The UC-Davis study found that children with autism can have as much as 10 times the amount of harmful bacteria than those without autism – specifically, the Clostridium bacteria. This is a genus of bacteria that has been linked to several GI issues, including diarrhea and colitis.
Researchers conducting the study concluded that alterations to gut bacteria could contribute to GI issues in autistic children, and that the use of probiotics shows potential in helping address autistic behaviors. However, the researchers also stated that more studies would need to be conducted in order to determine a more definitive link.
Other Benefits of Probiotics You Might Not Have Realized
— The Lactobacillus bacteria strain has also been shown to help kill harmful bacteria that can lead to tooth decay as well as gingivitis.5
— The Journal of Allergy and Clinical Immunology reported that mothers who take probiotics may be able to help lower the chances their babies will develop eczema, a condition that makes the skin dry and itchy.6
·Reduction of Respiratory Infections
– Studies indicate that probiotics show promise in helping to reduce the risk of developing upper respiratory tract infections. Researchers with Cochrane, an independent network of scientists and others involved in the healthcare field, analyzed studies that showed people who consumed probiotics suffered fewer infections of the upper respiratory tract than those who took placebos.7
— Harvard Medical School researchers conducted a study showing that probiotics may play an important role in maintaining a proper balance of bacteria in the vagina. As a result, women who use probiotics may have a better chance of warding off issues such as urinary tract infections or yeast infections.8
These are just a few examples of how probiotics may benefit the body in many ways outside of just helping the digestive system. As further research is conducted, it’s very likely that even more benefits will be uncovered in the future.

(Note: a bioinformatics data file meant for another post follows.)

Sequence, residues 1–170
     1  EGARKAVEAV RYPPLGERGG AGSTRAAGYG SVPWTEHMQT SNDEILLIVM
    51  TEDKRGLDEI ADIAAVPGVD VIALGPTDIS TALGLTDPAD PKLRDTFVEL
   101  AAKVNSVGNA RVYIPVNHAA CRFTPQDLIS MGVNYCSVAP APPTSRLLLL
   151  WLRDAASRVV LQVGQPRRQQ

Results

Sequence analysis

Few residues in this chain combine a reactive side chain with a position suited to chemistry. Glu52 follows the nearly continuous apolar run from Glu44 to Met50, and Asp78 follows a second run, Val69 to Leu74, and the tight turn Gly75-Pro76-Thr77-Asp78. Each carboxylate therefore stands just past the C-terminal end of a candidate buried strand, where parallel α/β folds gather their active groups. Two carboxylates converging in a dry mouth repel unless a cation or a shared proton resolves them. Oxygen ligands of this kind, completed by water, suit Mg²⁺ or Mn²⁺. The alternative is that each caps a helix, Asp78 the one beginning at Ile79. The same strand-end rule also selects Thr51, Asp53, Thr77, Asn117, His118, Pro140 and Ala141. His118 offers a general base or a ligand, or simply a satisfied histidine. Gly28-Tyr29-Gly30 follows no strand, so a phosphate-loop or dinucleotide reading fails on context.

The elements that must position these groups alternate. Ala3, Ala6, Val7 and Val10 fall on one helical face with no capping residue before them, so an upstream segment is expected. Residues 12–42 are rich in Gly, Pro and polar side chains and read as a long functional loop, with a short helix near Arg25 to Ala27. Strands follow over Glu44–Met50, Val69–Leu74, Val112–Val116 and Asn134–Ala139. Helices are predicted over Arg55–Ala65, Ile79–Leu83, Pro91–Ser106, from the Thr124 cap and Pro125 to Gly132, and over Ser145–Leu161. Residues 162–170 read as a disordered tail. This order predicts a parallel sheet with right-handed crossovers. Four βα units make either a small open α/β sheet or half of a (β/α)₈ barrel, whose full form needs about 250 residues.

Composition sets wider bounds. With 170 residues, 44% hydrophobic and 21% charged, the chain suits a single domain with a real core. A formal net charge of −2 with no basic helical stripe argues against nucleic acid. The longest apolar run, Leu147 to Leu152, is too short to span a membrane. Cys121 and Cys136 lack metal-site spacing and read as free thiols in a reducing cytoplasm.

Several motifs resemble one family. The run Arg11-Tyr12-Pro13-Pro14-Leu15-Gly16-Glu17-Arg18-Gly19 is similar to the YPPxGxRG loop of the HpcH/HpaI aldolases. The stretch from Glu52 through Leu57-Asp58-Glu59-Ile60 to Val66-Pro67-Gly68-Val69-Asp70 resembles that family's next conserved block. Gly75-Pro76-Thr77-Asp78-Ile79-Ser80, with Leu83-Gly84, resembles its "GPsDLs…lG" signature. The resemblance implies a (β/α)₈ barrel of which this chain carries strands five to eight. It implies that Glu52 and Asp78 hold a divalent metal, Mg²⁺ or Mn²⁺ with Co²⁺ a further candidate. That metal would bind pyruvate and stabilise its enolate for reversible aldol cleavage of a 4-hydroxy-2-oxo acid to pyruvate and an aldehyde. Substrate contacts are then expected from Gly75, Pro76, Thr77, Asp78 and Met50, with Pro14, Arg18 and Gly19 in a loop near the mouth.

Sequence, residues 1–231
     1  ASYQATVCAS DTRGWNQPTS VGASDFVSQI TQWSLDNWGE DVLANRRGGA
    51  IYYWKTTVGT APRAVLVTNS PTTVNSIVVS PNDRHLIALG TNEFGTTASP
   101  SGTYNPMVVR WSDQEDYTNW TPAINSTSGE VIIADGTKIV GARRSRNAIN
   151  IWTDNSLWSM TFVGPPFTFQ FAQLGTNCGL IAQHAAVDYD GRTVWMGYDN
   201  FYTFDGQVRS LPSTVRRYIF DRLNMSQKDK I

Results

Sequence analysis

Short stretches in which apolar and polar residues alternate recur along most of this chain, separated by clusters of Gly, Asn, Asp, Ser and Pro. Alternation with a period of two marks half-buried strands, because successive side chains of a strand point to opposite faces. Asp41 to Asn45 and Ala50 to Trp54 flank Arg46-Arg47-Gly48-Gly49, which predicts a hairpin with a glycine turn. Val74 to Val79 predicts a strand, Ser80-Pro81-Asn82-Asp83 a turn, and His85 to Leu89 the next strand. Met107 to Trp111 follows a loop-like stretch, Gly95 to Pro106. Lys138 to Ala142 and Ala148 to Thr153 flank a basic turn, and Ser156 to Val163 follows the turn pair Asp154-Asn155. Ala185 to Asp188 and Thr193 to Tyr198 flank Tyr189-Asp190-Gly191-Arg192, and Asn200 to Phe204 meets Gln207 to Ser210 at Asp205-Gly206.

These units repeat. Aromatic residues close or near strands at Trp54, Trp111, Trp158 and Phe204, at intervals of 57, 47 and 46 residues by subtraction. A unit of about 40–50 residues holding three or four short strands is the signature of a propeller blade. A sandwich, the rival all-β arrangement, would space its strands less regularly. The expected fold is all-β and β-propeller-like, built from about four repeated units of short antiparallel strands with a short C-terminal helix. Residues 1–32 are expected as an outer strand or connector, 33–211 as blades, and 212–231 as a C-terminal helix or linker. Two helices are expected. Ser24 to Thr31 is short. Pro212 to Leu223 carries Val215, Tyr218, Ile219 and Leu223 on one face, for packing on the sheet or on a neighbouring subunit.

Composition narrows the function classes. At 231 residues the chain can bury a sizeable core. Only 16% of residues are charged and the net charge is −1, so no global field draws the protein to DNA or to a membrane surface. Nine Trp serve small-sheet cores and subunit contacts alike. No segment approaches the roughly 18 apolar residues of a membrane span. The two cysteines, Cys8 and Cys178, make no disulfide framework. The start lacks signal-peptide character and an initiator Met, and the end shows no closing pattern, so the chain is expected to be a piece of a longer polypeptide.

Want more helpful health tips? Keep reading:
1. “Daily Doses Of A New Probiotic Reduces ‘Bad’ And Total Cholesterol”. ScienceDaily. N.p., 2012. Web. 12 Apr. 2017.
2. Khalesi, S. et al. “Effect Of Probiotics On Blood Pressure: A Systematic Review And Meta-Analysis Of Randomized, Controlled Trials”. N.p., 2017. Print.
3. Critchfield, J. William et al. “The Potential Role Of Probiotics In The Management Of Childhood Autism Spectrum Disorders”. N.p., 2011. Print.
4. Adams, James B et al. “Gastrointestinal Flora And Gastrointestinal Status In Children With Autism – Comparisons To Typical Children And Correlation With Autism Severity”. N.p., 2011. Print.
5. Hasslöf, Pamela et al. “Growth Inhibition Of Oral Mutans Streptococci And Candida By Commercial Probiotic Lactobacilli – An In Vitro Study”. N.p., 2010. Print.
6. Abrahamsson, Thomas R. et al. “Probiotics In Prevention Of Ige-Associated Eczema: A Double-Blind, Randomized, Placebo-Controlled Trial”. N.p., 2007. Print.
7. Hao, Qiukui, Bi Rong Dong, and Taixiang Wu. “Probiotics For Preventing Acute Upper Respiratory Tract Infections”. N.p., 2015. Print.
8. Publications, Harvard. “Health Benefits Of Taking Probiotics – Harvard Health”. Harvard Health. N.p., 2015. Web. 12 Apr. 2017.